Colorado’s Legal Deserts Leave Rural Residents Without Representation
The Front Range has no shortage of attorneys. But outside, it’s a different picture.

by Julia Cardi

Denver County alone has about 42% of the state’s active attorneys, according to registration data obtained from the Colorado Office of Attorney Regulation Counsel. But what if a community has few or no private attorneys? Wide swaths of Colorado, mostly counties clustered around the southern and eastern parts of the state, could be considered “legal deserts,” creating a challenge for access to justice.

Although there isn’t a precise way to delineate a legal desert, data shows about half of Colorado’s counties have fewer than 25 attorneys, and many have fewer than 10. The numbers of private attorneys in these regions are likely even smaller considering the OARC’s raw data includes judicial officers and public-sector lawyers.

Pierce Fowler is an attorney in Trinidad, where he estimates there are eight or 10 private attorneys. But contract work with the state, in dependency and neglect cases as a guardian ad litem and as respondent parents’ counsel, makes up almost all of his practice. He said if not for the state contract work, he doesn’t think he’d be able to make a living in Trinidad as an attorney because of the area’s poverty. Las Animas County is one of Colorado’s poorer counties, with a median household income of just $41,945 in 2018, according to U.S. Census data.

Fowler understands the difficulty of making a living in a poor rural area. Before moving to Trinidad, Fowler worked in private practice in La Junta. Otero County has even higher poverty than where he lives now, with a median household income of $34,136.

“I spent most of my time hunting down retainers, trying to get collection on bills,
he said. It was really, really hard to make enough money.”

Nonprofits can provide a rare viable option for legal representation in rural areas because they receive funding from sources such as grants and donations instead of relying only on client fees. Jen Cuesta, a rural pro bono program attorney for Colorado Legal Services, said the diversity of funding sources allows CLS to serve low-income clients everywhere in the state. CLS’s offices cover all of Colorado’s 64 counties.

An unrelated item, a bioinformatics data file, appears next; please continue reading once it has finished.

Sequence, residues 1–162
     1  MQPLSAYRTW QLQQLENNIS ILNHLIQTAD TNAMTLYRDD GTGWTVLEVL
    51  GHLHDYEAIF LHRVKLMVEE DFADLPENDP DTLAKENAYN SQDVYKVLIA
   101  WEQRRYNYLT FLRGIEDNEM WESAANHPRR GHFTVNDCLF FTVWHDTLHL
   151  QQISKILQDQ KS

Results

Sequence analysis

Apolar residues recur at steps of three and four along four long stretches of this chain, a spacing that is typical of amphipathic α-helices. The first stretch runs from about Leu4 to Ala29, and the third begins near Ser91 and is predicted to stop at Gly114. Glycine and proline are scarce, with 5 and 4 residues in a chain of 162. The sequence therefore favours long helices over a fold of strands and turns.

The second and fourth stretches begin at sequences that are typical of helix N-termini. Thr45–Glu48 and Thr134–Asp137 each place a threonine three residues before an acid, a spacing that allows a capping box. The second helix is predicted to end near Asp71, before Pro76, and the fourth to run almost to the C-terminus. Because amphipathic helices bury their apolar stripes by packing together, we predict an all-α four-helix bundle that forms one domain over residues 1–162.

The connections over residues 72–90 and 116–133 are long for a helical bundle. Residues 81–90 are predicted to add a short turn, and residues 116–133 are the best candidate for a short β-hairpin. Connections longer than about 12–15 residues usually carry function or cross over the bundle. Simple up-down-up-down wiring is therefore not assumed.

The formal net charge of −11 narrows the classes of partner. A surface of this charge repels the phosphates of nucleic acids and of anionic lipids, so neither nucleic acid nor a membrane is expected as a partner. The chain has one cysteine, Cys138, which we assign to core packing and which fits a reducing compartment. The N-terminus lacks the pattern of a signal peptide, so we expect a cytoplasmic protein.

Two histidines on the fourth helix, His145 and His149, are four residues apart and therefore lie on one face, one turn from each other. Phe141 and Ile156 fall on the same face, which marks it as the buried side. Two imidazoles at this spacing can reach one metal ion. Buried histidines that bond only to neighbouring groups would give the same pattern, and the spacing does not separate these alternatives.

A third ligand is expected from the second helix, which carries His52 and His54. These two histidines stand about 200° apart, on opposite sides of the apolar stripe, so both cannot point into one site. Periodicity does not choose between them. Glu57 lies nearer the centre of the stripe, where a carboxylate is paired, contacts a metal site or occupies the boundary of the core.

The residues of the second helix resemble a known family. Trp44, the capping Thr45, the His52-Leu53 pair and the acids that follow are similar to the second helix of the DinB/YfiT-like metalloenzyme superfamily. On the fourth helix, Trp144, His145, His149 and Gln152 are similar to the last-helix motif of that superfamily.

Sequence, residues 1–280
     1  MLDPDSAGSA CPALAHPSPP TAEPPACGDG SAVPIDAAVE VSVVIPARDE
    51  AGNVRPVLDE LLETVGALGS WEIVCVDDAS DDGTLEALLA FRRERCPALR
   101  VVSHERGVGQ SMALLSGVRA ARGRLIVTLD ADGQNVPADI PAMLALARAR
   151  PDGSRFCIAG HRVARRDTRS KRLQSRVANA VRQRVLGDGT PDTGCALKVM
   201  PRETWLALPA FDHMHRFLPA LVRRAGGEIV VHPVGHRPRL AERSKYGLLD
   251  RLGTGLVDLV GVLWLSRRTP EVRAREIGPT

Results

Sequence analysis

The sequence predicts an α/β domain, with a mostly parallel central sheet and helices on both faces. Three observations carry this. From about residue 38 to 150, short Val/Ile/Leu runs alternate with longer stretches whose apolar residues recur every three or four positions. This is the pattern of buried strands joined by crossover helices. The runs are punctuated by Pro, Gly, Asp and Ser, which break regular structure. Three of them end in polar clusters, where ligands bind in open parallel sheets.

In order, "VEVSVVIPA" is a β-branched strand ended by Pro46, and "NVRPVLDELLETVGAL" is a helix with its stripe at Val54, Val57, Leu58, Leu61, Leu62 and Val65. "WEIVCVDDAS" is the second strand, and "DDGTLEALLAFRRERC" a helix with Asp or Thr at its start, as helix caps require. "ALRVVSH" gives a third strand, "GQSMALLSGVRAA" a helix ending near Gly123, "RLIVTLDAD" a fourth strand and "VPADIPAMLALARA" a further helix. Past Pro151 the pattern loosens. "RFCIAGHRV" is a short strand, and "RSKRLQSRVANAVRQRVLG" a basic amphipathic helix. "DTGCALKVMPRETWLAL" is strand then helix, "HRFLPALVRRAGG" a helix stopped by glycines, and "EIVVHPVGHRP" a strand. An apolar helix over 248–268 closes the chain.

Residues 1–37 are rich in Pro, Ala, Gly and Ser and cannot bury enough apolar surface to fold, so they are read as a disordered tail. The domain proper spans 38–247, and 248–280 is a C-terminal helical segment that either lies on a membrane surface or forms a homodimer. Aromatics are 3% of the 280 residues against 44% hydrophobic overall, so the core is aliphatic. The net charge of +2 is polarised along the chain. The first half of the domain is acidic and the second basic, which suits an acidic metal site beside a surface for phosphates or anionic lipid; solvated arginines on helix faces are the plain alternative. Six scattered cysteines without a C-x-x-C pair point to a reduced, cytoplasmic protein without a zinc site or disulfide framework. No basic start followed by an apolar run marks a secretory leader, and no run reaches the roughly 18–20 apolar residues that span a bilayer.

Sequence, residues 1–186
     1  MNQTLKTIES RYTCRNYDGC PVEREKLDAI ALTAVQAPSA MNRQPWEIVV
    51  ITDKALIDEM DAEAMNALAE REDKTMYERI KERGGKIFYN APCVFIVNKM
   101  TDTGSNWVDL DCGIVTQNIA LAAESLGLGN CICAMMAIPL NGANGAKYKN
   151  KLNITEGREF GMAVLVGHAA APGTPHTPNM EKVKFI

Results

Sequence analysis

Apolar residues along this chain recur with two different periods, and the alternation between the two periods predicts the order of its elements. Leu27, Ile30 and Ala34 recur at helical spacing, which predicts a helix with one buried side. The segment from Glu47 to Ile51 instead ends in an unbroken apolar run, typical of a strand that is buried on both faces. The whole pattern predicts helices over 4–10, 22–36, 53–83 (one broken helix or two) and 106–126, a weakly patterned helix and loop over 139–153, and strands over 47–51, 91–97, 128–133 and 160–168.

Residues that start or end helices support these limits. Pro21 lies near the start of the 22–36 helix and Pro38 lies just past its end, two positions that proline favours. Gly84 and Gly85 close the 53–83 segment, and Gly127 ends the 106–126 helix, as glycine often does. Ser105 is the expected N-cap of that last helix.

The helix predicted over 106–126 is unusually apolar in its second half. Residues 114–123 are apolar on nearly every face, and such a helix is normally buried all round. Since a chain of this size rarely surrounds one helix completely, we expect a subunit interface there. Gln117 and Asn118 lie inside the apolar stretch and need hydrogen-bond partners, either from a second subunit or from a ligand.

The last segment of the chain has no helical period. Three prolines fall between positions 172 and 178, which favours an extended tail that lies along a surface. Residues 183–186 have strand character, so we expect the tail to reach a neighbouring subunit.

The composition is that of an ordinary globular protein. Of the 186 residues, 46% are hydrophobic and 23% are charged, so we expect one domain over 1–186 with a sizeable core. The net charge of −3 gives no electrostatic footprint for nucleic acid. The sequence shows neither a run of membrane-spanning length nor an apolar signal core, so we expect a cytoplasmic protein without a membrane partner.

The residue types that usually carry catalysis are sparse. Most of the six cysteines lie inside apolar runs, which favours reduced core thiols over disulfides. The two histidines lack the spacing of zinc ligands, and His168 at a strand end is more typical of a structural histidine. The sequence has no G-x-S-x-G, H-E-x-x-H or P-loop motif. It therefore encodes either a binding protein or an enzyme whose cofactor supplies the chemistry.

“Every challenge low-income communities face is exacerbated by that geography,” she said.

‘A Societal Problem’

In counties that show at most a few dozen attorneys, and in many areas barely a handful, the raw numbers can belie the true extent of a county’s shortage of access to private representation. The data includes each county’s public-sector attorneys, such as prosecutors, public defenders and county attorneys.

Fowler said of the small handful of private attorneys in Trinidad, several do state contract work and only a few of them take private clients. That means people in the area who do have the money to pay an attorney often need to look to a metropolitan area such as Pueblo or Colorado Springs.

He said he almost always refers cases outside his state contract work to other attorneys because his current work on dependency and neglect cases demands all his time, or he may have a conflict of interest because he frequently works with the Department of Human Services.

“You’ve got to pay someone to drive down here from either Pueblo or Colorado Springs, which obviously, is going to make your bill a lot higher. And this is a poor area,” he said. “It’s a societal issue down here.”

This article appears in the June 22 issue of Law Week Colorado. To read the complete article, and others from that issue, order a copy online.